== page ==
I think Rev. King was right, that the arc of history does bend toward justice. It seems like a long time coming when we’re in the midst of it, but it does happen. There’s been all kinds of evidence of it just in my lifetime, these short 36 years I’ve been around. Just this week, even, significant strides towards marriage equality on the West Coast have happened in both California and Washington. There will be wonderful celebrations of love as a result, wedding bells will ring for same-gender couples, toasts made to relationships that have been committed for decades and to brand-new ones as marriage licenses are issued with equal regard for citizens of those places. It is no small thing to have the weight of the law’s protection for your health care, your property, your children.
The other side of those celebrations of love is the painful reality of what happens when life doesn’t turn out the way you had hoped and dreamed it would. I do not know anyone who gets married that plans to also get divorced. Maybe there are couples who go into it knowing there’s always an “out.” But I haven’t met any of those folks, nor officiated at any wedding where there was less than a lifetime commitment made with every intention of going ‘til death do us part.
The most painful experience of my life was the realization that the promises I had made with another were not going to be lived out. That all the therapy and hard work in the world was not going to make it possible for the two of us to continue to keep those promises. There are no words for the depth of heartbreak incurred in that process. The family I had helped create, the configuration that had shaped my daily life and every future I could envision, fell apart - crumbling into pieces around us all. It is a loss greater than any I have known. It is also no small thing to NOT have the weight of the law’s protection for health care, property, children.
I live in a state that does not recognize legal marriage for same-gender couples. North Carolina completely disregards the marriage license that exists with my name on it. I was not allowed to have my name on the birth certificate for my daughter, nor even permitted to adopt this child I have loved and cared for since before she came into the world. No family court in our state recognizes that I am now, and have always been, her other parent. I am fortunate that my daughter’s legal parent does see me as important, and that I do have regular contact with and care for my child. There are many other parents and children in similar situations to mine that do not have that option. Everyone loses – parents lose children, and children lose parents. It is true that everyone loses in a divorce, regardless of legal rights or not. There are also some preventable losses, protections afforded to heterosexual, legal marriages in North Carolina that were not granted to mine.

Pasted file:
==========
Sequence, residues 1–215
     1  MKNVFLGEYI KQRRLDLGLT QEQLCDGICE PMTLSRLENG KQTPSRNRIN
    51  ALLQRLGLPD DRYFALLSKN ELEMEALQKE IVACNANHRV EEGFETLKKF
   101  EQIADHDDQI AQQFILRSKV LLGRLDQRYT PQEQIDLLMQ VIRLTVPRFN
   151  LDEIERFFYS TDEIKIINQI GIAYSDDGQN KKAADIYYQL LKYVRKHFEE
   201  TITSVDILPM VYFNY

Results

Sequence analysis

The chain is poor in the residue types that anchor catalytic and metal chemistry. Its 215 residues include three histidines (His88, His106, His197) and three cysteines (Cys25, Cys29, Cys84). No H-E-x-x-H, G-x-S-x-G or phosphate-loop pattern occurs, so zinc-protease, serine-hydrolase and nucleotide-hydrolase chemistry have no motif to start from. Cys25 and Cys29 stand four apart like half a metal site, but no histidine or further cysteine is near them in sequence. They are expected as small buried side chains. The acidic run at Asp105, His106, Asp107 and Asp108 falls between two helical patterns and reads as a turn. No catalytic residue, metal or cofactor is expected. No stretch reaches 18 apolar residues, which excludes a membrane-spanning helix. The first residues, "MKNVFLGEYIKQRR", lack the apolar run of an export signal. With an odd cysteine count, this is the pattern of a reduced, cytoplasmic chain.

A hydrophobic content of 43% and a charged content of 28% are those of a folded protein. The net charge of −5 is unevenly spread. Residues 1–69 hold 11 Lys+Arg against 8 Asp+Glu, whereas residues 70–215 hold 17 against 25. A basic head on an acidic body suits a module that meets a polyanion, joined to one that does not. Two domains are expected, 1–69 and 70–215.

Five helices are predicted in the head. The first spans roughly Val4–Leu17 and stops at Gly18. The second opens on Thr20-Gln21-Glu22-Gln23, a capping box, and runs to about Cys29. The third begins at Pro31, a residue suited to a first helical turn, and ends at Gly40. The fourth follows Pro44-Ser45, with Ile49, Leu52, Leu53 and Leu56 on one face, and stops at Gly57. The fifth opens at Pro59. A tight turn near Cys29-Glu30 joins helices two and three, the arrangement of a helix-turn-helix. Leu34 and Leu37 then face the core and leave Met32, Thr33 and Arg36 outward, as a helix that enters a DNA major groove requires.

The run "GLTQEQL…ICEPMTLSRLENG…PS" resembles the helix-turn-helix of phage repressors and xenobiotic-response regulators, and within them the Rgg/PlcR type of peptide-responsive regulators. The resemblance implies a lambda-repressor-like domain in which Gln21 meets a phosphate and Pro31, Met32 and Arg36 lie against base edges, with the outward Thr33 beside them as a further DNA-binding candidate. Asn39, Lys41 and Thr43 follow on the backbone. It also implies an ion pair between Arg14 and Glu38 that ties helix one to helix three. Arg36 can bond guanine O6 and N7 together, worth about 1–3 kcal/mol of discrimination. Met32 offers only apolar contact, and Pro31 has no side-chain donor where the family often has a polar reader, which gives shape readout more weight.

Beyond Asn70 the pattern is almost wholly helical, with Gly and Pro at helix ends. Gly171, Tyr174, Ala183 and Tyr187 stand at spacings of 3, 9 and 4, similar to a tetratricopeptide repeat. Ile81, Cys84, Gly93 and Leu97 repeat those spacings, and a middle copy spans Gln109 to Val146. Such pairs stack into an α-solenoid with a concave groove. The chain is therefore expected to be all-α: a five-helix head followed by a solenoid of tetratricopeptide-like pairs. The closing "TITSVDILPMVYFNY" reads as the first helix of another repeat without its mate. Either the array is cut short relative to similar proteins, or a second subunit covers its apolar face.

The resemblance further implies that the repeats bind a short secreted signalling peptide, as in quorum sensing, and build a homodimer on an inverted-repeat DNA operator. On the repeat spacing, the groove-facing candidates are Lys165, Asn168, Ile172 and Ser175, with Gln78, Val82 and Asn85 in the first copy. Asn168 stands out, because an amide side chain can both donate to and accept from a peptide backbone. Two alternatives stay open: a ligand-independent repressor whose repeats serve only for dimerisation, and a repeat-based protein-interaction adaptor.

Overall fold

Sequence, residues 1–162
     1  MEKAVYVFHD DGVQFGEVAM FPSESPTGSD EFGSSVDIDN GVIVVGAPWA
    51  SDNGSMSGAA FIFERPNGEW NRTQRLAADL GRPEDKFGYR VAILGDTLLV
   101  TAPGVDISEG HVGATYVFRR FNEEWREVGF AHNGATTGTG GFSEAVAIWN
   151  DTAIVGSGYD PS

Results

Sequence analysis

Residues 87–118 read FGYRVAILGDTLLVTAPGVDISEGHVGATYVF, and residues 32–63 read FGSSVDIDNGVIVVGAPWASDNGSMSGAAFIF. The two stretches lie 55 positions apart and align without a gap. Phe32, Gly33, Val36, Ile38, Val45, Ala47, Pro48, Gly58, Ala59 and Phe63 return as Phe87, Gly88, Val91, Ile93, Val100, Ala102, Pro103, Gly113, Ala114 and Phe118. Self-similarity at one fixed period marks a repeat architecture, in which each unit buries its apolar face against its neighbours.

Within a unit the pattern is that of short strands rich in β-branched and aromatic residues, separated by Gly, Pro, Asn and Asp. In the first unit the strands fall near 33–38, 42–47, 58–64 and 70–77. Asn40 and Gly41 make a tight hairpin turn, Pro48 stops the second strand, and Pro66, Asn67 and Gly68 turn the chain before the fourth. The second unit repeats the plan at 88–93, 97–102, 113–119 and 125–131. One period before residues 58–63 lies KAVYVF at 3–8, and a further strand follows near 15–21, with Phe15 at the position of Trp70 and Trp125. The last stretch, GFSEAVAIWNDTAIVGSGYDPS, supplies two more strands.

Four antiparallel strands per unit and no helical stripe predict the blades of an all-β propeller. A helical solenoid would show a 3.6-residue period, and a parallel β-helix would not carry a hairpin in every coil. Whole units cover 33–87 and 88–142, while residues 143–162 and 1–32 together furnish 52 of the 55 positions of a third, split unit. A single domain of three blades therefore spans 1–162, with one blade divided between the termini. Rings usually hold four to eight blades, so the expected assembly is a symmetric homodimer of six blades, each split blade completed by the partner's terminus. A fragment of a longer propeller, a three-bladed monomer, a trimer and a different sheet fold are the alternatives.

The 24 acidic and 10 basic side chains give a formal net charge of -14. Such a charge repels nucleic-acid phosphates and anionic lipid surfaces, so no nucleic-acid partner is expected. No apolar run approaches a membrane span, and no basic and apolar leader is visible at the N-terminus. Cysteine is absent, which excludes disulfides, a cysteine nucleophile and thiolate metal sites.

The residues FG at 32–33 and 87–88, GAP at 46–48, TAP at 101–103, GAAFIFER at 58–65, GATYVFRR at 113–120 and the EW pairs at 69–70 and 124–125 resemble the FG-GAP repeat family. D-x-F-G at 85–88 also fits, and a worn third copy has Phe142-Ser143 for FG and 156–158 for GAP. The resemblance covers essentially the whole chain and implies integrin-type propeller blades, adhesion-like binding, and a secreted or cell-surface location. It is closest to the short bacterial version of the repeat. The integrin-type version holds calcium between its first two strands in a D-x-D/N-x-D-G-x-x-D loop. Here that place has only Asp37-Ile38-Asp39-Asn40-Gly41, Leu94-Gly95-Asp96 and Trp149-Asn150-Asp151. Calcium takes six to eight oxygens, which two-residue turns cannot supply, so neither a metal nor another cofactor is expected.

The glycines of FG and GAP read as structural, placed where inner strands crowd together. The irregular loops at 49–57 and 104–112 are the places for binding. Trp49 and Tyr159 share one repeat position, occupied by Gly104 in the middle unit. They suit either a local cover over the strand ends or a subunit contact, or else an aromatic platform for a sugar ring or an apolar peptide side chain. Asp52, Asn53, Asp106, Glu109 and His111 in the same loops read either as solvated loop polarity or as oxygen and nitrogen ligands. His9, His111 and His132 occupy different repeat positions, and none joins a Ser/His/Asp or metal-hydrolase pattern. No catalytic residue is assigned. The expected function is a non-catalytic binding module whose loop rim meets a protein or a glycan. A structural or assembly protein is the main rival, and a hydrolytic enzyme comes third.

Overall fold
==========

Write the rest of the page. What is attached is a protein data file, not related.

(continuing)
Much more can be said about marriage, and certainly there’s more to the story of my marriage and divorce than will fit into a blog post. What I want every U.S. citizen to understand is that legal marriage matters. It is about justice and equality in our country, for all of us. Do not feel sorry for me. God’s imagination, thankfully, is far bigger than mine. I have a blessed life, with an incredible daughter, and days full of all kinds of love and joy. Feel sad, as I do, that divorce became the only decision to make for me. And then get angry. Angry at the injustice. Angry enough to tell your co-workers to vote against the amendment in May that would write inequality into our state’s constitution. Angry enough to rally even a handful of people to call legislators, write letters, protest at your town square. Care enough about children losing loving and caring parents to make sure we as a state move toward equality for all families.